Without warning he announced this week that he is coming to Israel. Immediately after the formation of our new government. He will go to Ramallah, too.

Should we be happy or not?

Depends. If it is a consolation prize for Netanyahu after his election setback, it is a bad sign. The first visit of a US President since George Bush jr. is bound to strengthen Netanyahu and reinforce his image as the only Israeli leader with international stature.

But if Obama is coming with the intention of exerting serious pressure on Netanyahu to start a meaningful peace initiative, welcome.

Netanyahu will try to satisfy Obama with "opening peace talks". Which means nothing plus nothing. Even Bennett can agree to that. Not to mention Lapid and Livni. Yes. Let's talk. "Without preconditions". Which means: without stopping settlement expansion. Talk and go on talking, until everyone is blue in the face and both Obama's and Netanyahu's terms are over.

But if Obama is serious this time, it could be different. An American or international blueprint for the realization of the two-state solution, with a strict timetable. Perhaps an international conference, for starters. A UN resolution without an American veto.

If this happens, the new Knesset with all the fresh, young faces will be called upon to hold a real debate and take fateful decisions. And - perhaps, perhaps, perhaps - make history.
(c) 2013 Uri Avnery ~~~ Gush Shalom

Supporters of Pakistani religious party Jamat-i-Islami listen to their
leaders during a rally to condemn U.S. drone attacks, April 24, 2009.

The Hubris Of The Drones
by Bill Moyers and Michael Winship

Last week, The New York Times published a chilling account of how indiscriminate killing in war remains bad policy even today. This time, it's done not by young GIs in the field but by anonymous puppeteers guiding drones that hover and attack by remote control against targets thousands of miles away, often killing the innocent and driving their enraged and grieving families and friends straight into the arms of the very terrorists we're trying to eradicate.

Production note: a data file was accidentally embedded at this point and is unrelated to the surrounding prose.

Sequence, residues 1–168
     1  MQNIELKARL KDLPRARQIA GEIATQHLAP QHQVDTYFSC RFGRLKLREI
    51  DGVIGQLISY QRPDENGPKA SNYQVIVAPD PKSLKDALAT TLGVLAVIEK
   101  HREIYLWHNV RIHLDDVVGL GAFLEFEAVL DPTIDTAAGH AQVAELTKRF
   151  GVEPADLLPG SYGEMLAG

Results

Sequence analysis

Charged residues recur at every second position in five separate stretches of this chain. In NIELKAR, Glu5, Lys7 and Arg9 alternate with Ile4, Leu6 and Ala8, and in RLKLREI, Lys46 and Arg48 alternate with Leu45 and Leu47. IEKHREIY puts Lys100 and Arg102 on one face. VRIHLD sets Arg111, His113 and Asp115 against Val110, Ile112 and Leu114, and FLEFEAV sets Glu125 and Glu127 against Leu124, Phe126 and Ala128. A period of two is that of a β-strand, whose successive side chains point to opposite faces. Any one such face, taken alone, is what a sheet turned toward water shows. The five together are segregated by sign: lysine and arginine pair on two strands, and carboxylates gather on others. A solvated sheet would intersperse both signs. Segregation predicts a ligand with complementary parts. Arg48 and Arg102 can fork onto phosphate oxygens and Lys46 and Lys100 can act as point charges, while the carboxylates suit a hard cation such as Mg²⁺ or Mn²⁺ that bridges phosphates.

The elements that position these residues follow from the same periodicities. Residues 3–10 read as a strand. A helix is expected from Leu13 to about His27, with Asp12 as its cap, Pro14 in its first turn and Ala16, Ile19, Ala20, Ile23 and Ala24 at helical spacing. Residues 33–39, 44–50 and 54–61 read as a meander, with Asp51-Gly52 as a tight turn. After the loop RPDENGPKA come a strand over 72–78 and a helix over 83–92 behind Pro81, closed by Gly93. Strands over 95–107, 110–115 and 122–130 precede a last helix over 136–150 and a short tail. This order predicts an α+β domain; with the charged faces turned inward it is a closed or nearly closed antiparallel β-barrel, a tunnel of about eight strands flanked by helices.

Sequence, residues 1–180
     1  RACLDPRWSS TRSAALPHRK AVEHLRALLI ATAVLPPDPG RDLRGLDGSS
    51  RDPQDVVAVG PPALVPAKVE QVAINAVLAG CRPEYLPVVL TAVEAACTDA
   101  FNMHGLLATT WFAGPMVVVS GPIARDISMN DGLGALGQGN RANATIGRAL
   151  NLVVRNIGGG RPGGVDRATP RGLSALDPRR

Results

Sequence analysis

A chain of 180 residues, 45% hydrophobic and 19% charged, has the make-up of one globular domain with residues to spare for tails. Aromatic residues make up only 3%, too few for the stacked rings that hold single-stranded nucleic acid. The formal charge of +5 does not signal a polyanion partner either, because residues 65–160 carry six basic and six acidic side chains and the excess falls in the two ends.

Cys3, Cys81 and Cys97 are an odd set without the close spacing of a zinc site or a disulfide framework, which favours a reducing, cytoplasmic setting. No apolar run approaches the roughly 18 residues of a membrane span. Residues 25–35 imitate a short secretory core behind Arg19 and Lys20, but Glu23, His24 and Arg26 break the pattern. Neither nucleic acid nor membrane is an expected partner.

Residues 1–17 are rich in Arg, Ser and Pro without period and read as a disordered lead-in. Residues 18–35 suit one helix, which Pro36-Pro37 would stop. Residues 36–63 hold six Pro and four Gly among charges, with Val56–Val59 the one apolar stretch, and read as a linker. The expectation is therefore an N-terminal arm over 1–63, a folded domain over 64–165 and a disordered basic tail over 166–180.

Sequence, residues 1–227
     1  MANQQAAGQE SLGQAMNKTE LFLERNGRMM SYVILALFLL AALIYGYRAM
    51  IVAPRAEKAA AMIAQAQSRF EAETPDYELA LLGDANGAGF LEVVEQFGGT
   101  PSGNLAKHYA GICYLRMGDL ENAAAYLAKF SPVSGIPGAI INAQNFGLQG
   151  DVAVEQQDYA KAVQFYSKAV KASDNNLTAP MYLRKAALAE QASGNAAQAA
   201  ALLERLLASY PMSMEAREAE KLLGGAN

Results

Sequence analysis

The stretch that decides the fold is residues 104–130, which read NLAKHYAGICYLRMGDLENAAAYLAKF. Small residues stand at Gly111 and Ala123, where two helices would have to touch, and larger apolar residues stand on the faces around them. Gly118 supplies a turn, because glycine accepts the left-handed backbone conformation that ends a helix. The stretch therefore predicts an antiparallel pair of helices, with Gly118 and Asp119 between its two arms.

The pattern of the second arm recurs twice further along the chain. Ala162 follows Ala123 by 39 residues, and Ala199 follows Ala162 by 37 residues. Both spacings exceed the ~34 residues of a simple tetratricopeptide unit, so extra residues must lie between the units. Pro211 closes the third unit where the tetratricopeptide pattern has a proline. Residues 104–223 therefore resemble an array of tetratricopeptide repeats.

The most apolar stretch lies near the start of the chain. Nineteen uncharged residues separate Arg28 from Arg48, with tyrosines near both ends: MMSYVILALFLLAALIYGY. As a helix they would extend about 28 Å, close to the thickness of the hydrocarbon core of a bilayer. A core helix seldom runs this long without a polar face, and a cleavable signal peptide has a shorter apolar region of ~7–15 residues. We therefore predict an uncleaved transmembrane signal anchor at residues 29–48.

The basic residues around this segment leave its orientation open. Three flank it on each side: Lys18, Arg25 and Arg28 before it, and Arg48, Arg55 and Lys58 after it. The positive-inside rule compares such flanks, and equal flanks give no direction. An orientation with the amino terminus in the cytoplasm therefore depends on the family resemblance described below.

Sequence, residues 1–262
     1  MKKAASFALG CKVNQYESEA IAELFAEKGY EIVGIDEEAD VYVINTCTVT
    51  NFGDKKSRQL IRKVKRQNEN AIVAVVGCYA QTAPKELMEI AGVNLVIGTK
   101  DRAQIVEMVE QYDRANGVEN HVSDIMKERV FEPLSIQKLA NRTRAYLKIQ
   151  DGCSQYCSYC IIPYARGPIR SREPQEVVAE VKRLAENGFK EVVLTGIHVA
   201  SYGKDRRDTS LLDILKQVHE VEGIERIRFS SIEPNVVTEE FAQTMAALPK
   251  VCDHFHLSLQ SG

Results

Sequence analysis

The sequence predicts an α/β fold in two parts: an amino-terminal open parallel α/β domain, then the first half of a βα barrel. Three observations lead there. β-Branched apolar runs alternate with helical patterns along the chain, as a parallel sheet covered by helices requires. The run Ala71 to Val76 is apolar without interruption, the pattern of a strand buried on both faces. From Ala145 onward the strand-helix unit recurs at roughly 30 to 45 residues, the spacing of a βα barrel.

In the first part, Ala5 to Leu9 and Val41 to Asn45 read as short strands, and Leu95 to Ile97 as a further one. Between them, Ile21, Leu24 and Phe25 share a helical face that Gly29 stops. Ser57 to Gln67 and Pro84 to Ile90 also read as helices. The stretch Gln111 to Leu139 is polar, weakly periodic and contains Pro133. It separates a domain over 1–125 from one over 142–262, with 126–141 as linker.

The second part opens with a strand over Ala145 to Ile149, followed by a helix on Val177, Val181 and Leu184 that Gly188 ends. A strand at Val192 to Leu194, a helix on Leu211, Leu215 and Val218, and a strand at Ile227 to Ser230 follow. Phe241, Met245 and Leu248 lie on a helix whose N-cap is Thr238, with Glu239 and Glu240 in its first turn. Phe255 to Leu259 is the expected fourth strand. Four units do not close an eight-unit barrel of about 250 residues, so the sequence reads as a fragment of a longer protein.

The Times told of a Muslim cleric in Yemen named Salem Ahmed bin Ali Jaber, standing in a village mosque denouncing al Qaeda. It was a brave thing to do - a respected tribal figure, arguing against terrorism. But two days later, when he and a police officer cousin agreed to meet with three al Qaeda members to continue the argument, all five men - friend and foe - were incinerated by an American drone attack. The killings infuriated the village and prompted rumors of an upwelling of support in the town for al Qaeda, because, the Times reported, "such a move is seen as the only way to retaliate against the United States."

Our blind faith in technology combined with a false sense of infallible righteousness continues unabated. Reuters correspondent David Rohde recently wrote:

"The Obama administration's covert drone program is on the wrong side of history. With each strike, Washington presents itself as an opponent of the rule of law, not a supporter. Not surprisingly, a foreign power killing people with no public discussion, or review of who died and why, promotes anger among Pakistanis, Yemenis and many others."

Rohde has firsthand knowledge of what a drone strike can do. He was kidnapped by the Taliban in 2008 and held for seven months. During his captivity, a drone struck nearby. "It was so close that shrapnel and mud showered down into the courtyard," he told the BBC last year. "Just the force and size of the explosion amazed me. It comes with no warning and tremendous force... There's sense that your sovereignty is being violated... It's a serious military action. It is not this light precise pinprick that many Americans believe."

A special report from the Council on Foreign Relations last month, "Reforming U.S. Drone Strike Policies," quotes "a former senior military official" saying, "Drone strikes are just a signal of arrogance that will boomerang against America." The report notes that, "The current trajectory of U.S. drone strike policies is unsustainable... without any meaningful checks - imposed by domestic or international political pressure - or sustained oversight from other branches of government, U.S. drone strikes create a moral hazard because of the negligible risks from such strikes and the unprecedented disconnect between American officials and personnel and the actual effects on the ground."